Guildford are the perennial winners of the British national league, the 4NCL. Organized and partially funded by their astute coach, Roger Emerson, the Surrey team has won 81 games and drawn two in eight years unbeaten.
Until this week, Guildford had never entered the annual European Club Cup, which has been dominated by teams from the former USSR. The situation changed when the pandemic changed the European Championship online, where 91 competing teams and numerous upper-class squads became the strongest participation in the event, and a surprise winner on Wednesday.
Guildford’s grandmaster quintet, led by UK number one Michael Adams, was effectively England under a different name, plus a Bulgarian reserve. Fourth-seeded, they finished seventh in the final (+ 3 = 2-4) as nine tough games weathered them. Guildford had no one under the age of 30. Their individual scores were Adams 10/18, David Howell (undefeated in the final and with a beat Russian Vladislav Artemiev) 13.5 / 19, Luke McShane 11.5 / 18, Gawain Jones 18/12, Ivan Cheparinov 14/19.
The winners were a surprise, Baden-Baden, the German champions, sponsored by Grenke Bank and led by the best couple from France, were favorites to win the entire event, but finished last of six in their semi-final. Grenke also backed the little-known Deizisau-Stuttgart team, which took the lead in the final two rounds and took home the trophy.
Deizisau’s win total was 14/18 match points, but they would only have been third if the table points had been decided. All of his nine games ended 2.5-1.5, 2-2 or 1.5-2.5, while two of his six players had serious negative scores. They were saved by rising German chess star Vincent Keymer, 16, who impressed with 5.5 / 7. and by Georg Meier (5/6), who also played on Grenke’s winning team at the Corporate World Championship of the month. last.
Andrey Esipenko, 19, who beat world champion Magnus Carlsen at Tata Wijk in January, again shone in the Eurocup with an undefeated 15.5 / 20, probably the best individual score of the event.
Esipenko’s most brilliant game was his rook and knight sacrifice en route to a 21 move mating attack against number 2 from France. After Black lost the chance to stay level by 14 … Nf6, it was like watching the legendary Mikhail Tal reincarnate.
The match Jones v Krishnan Sasikiran, one of the three Indians of the Czech team Novy Bor, had a strange ending. White (Sasikiran) Kf3, Bc8. Black (Jones) Rg1, Ac7, Ps f4, h4. Of course, the position is tied with bishops of opposite colors and no black pawn can advance. Jones had offered a draw three moves before, but his opponent didn’t notice. At the captains meeting before kickoff, with a time control of 15 minutes per player per game plus a five-second increment per move, they voted to allow pre-moves as is normal for many online events, including the Meltwater Champions Tour.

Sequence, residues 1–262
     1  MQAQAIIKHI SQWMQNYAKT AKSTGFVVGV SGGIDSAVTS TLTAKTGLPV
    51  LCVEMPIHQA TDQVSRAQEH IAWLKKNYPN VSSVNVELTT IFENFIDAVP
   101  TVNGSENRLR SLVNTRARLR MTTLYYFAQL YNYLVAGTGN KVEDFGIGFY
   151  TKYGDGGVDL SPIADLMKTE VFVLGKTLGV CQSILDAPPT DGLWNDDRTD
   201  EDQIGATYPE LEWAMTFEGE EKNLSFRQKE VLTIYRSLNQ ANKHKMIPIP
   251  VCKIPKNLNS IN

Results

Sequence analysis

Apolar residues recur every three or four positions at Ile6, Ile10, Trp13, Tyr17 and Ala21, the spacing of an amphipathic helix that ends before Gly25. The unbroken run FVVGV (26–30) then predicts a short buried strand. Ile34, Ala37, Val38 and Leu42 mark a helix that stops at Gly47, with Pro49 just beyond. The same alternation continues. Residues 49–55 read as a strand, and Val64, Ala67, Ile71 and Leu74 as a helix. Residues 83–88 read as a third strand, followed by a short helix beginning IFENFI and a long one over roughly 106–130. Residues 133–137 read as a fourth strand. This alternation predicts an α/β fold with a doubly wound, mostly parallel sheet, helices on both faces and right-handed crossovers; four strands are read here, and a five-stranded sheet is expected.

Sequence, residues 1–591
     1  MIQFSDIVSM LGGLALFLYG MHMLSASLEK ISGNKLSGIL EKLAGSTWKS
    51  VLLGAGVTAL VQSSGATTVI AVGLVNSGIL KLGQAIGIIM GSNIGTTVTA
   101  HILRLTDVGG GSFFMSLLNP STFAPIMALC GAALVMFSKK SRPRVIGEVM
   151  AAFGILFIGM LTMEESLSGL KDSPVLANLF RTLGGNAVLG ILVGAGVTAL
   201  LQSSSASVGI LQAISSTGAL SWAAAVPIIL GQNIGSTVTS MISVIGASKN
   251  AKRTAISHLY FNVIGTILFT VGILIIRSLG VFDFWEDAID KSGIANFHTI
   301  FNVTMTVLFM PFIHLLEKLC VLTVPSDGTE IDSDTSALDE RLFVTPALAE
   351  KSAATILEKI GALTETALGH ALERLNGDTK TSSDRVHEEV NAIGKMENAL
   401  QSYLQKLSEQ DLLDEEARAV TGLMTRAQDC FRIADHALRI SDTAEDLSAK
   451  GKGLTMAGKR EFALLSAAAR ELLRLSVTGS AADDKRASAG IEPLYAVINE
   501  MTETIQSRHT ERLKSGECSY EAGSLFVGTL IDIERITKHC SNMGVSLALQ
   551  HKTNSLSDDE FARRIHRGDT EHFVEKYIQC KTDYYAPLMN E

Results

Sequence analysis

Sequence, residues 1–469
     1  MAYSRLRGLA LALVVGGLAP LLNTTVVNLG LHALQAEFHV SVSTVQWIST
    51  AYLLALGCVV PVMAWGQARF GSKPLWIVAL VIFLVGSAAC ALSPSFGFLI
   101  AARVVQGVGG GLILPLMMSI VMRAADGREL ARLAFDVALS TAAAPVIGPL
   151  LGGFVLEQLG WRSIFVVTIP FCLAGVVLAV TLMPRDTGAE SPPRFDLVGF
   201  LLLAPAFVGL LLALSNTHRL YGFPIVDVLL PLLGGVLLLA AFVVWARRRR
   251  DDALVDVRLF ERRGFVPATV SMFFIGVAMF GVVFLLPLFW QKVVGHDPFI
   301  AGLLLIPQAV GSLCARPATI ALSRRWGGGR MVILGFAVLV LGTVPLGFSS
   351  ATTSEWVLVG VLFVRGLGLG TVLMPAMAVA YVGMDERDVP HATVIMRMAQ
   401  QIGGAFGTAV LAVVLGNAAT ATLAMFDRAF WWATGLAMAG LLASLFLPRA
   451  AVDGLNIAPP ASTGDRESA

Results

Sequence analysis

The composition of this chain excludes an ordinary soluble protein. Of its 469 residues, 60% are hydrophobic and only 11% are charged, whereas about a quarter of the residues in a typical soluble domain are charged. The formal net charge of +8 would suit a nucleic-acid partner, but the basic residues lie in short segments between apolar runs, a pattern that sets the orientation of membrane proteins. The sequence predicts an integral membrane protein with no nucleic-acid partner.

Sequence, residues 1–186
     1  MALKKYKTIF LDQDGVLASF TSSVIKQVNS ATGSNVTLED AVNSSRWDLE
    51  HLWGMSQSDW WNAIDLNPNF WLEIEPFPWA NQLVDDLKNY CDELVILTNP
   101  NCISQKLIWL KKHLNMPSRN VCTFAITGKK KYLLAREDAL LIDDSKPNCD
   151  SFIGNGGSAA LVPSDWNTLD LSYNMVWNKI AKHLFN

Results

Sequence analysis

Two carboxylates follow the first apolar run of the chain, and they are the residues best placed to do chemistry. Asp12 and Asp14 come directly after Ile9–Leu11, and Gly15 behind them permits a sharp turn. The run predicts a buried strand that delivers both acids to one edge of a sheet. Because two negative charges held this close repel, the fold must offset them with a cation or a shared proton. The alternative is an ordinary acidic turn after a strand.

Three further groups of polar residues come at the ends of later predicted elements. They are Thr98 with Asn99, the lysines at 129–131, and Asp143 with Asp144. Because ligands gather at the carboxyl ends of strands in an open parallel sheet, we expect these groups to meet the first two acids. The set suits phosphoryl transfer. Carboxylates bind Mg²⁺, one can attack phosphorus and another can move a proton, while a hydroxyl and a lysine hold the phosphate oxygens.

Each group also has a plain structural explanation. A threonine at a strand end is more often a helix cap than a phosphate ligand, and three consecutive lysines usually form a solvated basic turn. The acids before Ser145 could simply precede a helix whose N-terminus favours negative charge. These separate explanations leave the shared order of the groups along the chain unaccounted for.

Both players were raising and moving their bishops back and forth, and White had his premove ready. So when Jones chose 1 … h3! Sasikiran answered automatically 2 Ad7 ?? h2 and resigned.
The first Fide World University Championship played online on the Tornelo platform last week delivered a shock to Rapid Women when the top seed winner at 4.5 / 5, IM Iulija Osmak of Ukraine, was disqualified by one vote. minimum (2-1 with 1 abstention) of the Fide Fair Play Committee and placed in last place.
The 23-year-old was a former U-12 women’s world champion, a 2017 Ukrainian women’s champion, an international open-level teacher and a women’s grandmaster, and in her final year as an active player above the table before the pandemic. played 150 competitive matches.
So far, Osmak has found the support of former Fide world champion Ruslan Ponomariov, who played all five of his games and saw no evidence of cheating at “110%”; from his coach at the University of Texas Rio Grande Valley, GM Bartlomiej Macieja; and the Chess Federation of Ukraine. The matter could go as far as the Lausanne Court of Arbitration for Sport.
Fide has tried hard not to use the description “cheat”, but this is the first time that a player has been disqualified from a world title for alleged computer assistance. The position of the governing body of chess is weakened because they have not allowed Osmak to present his case directly, while claiming that there is no right of appeal from the Fide decision.
Instead, Osmak released a video analyzing his five games, offered to take a lie detector test and explained that his eye movements, which could have caused suspicion, are due to his having 16% vision in a eye.
Overall, it looks like a potentially damaging decision, perhaps an own goal, from the world body. Is it time for Fide President Arkady Dvorkovich, who has an excellent record of problem solving in difficult situations, to step in?
3717: one Nf8 +! Rd6 two c7! Rxc7 3 Ne6 + and 4 Nxg5 wins for White.
George is Digismak’s reported cum editor with 13 years of experience in Journalism